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Commerce Secretary Wilbur Ross faces accusations that he lied about his wealth

Just a day after defending himself against reports that he failed to disclose his business links to Russian President Vladimir Putin’s family, Commerce Secretary Wilbur Ross came under wider scrutiny Tuesday over his financial holdings and whether he had been forthcoming about his wealth.

Ross’ success in building companies and his personal fortune were held out by President Trump and Ross’ supporters as among the factors that made him well suited for the job of Commerce secretary, and the soft-spoken 79-year-old, often referred to as the billionaire investor, was easily confirmed to the Cabinet post in February.

But an article in Forbes, which is known for producing a list of billionaires, reported that Ross had grossly inflated his net worth while it raised troubling questions about Ross’ financial dealings and overall business acumen. The magazine removed Ross from its coveted ranking.

Forbes said its examination of Ross’ financial disclosure forms filed after his nomination for Commerce secretary revealed his assets at less than $700 million. A year earlier the magazine had put Ross’ net worth — based on its own analysis and Ross’ confirmation — at $2.9 billion.

Ross was traveling in Asia with Trump, and the secretary’s press representative in Washington was said to be unavailable Tuesday. But a brief statement released later in the day and attributed to a Commerce spokesman said: “The Forbes article cites former employees, without full knowledge, and all but one anonymously – we will not respond further.”

The statement made no mention of the more than $2 billion in family trusts that Forbes said Ross claimed he had set up after the election to hold much of his wealth. The magazine, which acknowledged that its own past miscalculations led to the inflated estimates of Ross’ wealth, said it was now confident that that money never existed.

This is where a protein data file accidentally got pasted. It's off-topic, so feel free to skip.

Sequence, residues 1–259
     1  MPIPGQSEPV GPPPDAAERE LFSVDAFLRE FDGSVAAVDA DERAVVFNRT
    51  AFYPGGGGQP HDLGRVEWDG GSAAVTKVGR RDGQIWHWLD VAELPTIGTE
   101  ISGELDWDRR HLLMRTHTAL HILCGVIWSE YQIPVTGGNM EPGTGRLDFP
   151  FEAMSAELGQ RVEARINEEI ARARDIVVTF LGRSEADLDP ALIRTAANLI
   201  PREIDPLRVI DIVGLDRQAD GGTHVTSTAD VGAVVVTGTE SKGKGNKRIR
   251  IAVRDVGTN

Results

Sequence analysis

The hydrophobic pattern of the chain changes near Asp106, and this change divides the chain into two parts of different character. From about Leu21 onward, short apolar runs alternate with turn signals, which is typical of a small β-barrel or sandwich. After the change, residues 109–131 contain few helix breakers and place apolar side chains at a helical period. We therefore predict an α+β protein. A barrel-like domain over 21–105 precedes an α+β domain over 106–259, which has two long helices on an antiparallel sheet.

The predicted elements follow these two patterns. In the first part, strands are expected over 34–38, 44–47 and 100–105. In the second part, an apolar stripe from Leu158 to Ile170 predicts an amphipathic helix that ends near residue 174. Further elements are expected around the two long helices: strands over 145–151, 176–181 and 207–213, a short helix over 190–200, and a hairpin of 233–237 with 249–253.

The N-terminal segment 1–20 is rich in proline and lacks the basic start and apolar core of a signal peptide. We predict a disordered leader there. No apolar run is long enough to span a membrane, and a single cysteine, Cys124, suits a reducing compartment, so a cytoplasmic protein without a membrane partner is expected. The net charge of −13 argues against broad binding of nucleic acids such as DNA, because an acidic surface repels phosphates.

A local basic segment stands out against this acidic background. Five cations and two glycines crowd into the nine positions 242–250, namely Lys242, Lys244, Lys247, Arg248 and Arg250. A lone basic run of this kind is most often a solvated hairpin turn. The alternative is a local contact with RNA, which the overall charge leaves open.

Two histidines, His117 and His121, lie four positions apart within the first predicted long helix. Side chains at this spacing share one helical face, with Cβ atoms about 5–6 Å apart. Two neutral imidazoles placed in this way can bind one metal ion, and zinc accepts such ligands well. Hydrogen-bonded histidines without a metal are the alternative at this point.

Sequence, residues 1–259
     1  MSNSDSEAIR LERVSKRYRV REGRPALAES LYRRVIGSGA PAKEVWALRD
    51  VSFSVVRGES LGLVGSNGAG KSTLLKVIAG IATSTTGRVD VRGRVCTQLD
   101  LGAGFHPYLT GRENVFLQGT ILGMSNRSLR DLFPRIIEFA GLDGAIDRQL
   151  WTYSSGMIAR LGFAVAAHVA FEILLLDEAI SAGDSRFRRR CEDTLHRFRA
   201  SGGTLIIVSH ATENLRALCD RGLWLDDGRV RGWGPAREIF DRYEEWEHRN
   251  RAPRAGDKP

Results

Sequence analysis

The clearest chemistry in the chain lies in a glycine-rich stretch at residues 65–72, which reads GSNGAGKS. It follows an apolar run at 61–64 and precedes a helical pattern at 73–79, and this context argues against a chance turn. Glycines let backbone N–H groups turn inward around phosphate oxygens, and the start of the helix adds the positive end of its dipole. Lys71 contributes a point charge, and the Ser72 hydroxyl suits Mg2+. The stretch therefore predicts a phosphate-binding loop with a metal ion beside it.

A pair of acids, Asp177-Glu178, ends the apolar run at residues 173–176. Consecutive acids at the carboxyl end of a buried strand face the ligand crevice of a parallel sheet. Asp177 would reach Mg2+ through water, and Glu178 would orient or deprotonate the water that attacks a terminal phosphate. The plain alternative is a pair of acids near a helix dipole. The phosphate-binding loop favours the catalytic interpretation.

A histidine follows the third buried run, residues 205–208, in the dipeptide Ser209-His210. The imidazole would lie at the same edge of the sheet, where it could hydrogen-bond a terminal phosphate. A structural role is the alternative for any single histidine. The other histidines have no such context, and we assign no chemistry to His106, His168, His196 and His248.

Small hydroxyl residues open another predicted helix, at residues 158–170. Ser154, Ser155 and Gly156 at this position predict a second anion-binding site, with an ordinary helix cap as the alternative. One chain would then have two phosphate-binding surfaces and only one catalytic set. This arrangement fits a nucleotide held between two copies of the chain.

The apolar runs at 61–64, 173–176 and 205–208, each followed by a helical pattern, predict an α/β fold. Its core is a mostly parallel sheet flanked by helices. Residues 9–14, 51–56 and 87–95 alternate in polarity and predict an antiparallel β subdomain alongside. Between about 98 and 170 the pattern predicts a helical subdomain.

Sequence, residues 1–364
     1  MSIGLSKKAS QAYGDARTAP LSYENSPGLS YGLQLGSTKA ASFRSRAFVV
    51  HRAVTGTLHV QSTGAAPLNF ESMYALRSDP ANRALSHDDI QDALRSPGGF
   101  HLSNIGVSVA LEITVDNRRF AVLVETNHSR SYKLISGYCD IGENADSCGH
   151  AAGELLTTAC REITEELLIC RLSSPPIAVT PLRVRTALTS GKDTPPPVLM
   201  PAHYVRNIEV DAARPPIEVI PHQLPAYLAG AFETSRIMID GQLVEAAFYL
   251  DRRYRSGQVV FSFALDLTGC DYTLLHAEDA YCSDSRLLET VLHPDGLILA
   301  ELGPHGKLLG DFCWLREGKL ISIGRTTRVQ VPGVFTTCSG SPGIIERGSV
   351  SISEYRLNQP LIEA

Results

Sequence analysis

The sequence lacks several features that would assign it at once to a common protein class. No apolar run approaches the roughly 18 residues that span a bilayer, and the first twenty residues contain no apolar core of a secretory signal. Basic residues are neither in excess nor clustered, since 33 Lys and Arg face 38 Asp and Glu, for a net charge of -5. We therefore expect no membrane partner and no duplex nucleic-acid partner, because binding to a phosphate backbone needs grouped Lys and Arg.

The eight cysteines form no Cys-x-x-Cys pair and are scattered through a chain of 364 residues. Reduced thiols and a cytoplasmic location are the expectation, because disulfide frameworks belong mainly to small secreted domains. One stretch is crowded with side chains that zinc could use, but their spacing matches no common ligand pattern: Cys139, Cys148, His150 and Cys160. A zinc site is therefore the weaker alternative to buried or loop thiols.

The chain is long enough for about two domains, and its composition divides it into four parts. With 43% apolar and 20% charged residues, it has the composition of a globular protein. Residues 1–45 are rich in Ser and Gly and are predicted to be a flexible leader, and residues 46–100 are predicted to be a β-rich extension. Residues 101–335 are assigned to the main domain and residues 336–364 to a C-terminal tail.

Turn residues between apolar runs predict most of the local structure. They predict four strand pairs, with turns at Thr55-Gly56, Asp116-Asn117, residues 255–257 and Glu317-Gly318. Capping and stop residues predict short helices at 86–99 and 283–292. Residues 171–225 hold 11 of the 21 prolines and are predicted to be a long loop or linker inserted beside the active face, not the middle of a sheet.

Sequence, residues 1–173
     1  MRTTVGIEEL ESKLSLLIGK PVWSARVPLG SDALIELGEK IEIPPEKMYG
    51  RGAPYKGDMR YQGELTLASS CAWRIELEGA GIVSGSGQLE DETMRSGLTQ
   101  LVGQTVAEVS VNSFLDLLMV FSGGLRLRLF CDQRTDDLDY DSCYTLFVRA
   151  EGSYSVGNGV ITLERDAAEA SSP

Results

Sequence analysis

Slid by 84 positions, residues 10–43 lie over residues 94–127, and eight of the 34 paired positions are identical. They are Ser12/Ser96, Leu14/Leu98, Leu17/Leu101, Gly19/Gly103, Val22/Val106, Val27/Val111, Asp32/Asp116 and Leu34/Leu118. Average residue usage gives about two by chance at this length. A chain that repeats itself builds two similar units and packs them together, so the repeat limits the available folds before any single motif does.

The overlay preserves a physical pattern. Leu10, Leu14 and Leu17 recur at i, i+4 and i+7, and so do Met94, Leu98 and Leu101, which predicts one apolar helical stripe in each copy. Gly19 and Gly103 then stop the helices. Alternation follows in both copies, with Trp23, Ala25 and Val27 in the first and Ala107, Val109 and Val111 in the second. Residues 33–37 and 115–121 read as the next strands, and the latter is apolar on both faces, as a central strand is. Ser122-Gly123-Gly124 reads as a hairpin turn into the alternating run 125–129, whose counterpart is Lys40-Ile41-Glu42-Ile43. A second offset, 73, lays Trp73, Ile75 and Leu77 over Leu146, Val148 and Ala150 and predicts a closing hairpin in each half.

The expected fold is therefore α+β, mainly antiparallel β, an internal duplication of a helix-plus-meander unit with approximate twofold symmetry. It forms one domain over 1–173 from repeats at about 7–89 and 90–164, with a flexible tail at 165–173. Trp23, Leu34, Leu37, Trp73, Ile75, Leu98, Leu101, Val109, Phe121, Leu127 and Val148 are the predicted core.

"It seems clear that Ross lied to us, the latest in an apparent sequence of fibs, exaggerations, omissions, fabrications and whoppers that have been going on with Forbes since 2004," the Forbes report said.

The Forbes article was magnified in that it came on the heels of reports Monday about the so-called Paradise Papers, which among other revelations about companies and individuals using schemes to avoid taxes, showed that Ross used offshore investments to own a stake in a shipping firm, Navigator Holdings, that does millions of dollars worth of business with a gas company called Sibur. Sibur’s investors include Putin’s son-in-law as well as a friend of Putin’s who is subject to U.S. economic sanctions for his role in the Russian annexation of Crimea.

Revelations of that connection prompted government watchdog groups and Democratic lawmakers to call for an investigation into possible conflicts of interest, given that the Trump administration has imposed sanctions on Russian companies and individuals.